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I've almost kicked this... but i'll start from the beginning. I got 2 spots on my crown.. one of course is offset to left enough to look very un-natural. Along with the very defined thick hair around the left top spot it's pretty bizarre looking and if i go hat-less I get asked what's going on with my hair. I've been asked if I have aids which really isn't fun. I'm 35 and started noticing it after a bad breakup i had not to mention i have a pretty tough job. I got it diagnosed as maybe a fungus, maybe alopecia, maybe... he didn't know and found out later he was just a p.a. But I highly recommend that anyone get multiple opinions and find a doctor that has had success with people with alopcecia areata (totalis, etc).
Here's what Dr. Iden in corpus christi did with me. We took a byopsy to verify which came back a.a. and mpb. He began by giving me 2 shots of hardcore anti-inflammatories to relieve tension on the follicles. I was already taking propecia which anyone with alopecia should be taking from the beginning. I then began applying Clobex spray in the mornings and evenings at bedtime for 2 weeks. The clobex spray is very very strong and I actually used it for 2.5 weeks out of excitement of curing the problem. After that I tapered off of the spray to the Clobex shampoo which is much weaker. I use the shampoo on the weekends and i use a betamethasone lotion on the areas once during the work week. His approach was to hammer the area with topical steriods. He has seen some success with inter-lesional injections but much better results with an anti-inflammatory shot and high powered topical steroids.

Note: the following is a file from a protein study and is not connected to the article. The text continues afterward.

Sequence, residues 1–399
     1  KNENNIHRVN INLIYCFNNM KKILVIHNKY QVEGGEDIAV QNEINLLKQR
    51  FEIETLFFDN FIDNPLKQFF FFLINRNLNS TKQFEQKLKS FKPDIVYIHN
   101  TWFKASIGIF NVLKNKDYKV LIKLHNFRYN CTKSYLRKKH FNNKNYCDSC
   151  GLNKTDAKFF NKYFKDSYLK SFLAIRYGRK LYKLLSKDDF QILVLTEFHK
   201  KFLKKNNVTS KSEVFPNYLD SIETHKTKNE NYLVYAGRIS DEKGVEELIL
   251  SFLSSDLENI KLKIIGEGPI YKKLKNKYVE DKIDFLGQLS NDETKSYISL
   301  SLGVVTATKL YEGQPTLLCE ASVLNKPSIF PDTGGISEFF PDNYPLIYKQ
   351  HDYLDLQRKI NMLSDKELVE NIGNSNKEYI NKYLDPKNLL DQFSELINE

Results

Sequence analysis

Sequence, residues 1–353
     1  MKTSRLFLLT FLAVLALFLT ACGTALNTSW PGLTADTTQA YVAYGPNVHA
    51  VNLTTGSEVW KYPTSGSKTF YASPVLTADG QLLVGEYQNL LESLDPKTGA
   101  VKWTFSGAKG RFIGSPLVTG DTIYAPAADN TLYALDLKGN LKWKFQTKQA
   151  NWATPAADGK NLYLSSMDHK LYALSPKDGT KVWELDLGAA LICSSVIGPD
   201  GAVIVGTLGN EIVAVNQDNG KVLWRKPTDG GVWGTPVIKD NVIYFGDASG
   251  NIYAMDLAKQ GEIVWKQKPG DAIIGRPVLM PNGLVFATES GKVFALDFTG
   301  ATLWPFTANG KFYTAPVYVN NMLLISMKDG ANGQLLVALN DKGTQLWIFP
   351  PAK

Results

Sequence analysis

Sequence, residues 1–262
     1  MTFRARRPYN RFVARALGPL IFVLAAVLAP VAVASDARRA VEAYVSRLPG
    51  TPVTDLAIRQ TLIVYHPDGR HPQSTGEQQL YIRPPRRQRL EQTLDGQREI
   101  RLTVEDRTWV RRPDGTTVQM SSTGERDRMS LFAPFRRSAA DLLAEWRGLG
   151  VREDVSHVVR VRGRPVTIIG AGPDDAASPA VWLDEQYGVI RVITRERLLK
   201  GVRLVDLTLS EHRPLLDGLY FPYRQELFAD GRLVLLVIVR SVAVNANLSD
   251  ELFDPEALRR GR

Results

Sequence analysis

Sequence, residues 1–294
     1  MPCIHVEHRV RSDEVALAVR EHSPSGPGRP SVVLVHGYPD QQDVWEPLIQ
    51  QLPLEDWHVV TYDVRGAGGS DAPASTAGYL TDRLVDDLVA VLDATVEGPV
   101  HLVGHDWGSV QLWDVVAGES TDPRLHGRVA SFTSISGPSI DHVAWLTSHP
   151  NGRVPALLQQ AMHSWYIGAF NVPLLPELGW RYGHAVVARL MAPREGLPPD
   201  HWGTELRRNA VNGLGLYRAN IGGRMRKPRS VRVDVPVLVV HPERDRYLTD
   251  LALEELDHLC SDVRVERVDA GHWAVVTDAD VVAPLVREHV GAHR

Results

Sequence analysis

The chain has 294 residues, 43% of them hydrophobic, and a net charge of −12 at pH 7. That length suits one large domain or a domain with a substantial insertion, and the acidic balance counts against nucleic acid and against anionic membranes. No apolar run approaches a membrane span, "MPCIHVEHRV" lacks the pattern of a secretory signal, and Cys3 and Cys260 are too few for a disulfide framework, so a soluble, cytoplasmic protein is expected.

One thing he's told me during the follow-ups is that he thinks he'd seen more people with my results if they did exactly what was prescribed, but they always confessed later that they forgot or missed applications due to one reason or another... usually starting to see results and thought it was cured too early was a big one.
Now that it's growing back, I'm going to get transplantation in those areas that are still thin and continue using the shampoo on the weekends most likely forever to ensure it doesn't happen again. I hope that helps.

    Bookmark   September 6, 2008 at 1:26AM
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I am 28 years old and living with Alopecia Areata for the past year and a half. I remember the first time I found my bald spot, it was April 1st 2007 Aprils Fools Day. My friend actually found it during her visit when she was blow drying my hair. I vividly remember freaking out as I saw the quarter size spot in the mirror. I panicked and searched the internet for an answer. I had recently started new birth control pills and was convinced that was the culprit, so I immediately stopped them and scheduled an appointment with a dermatologist. To make matters worse, I was living by myself in Chicago because I was going to school for my doctorate in psychology, all my family and friends were in New York, I had no health insurance, worked part time and was living off of my school loan money.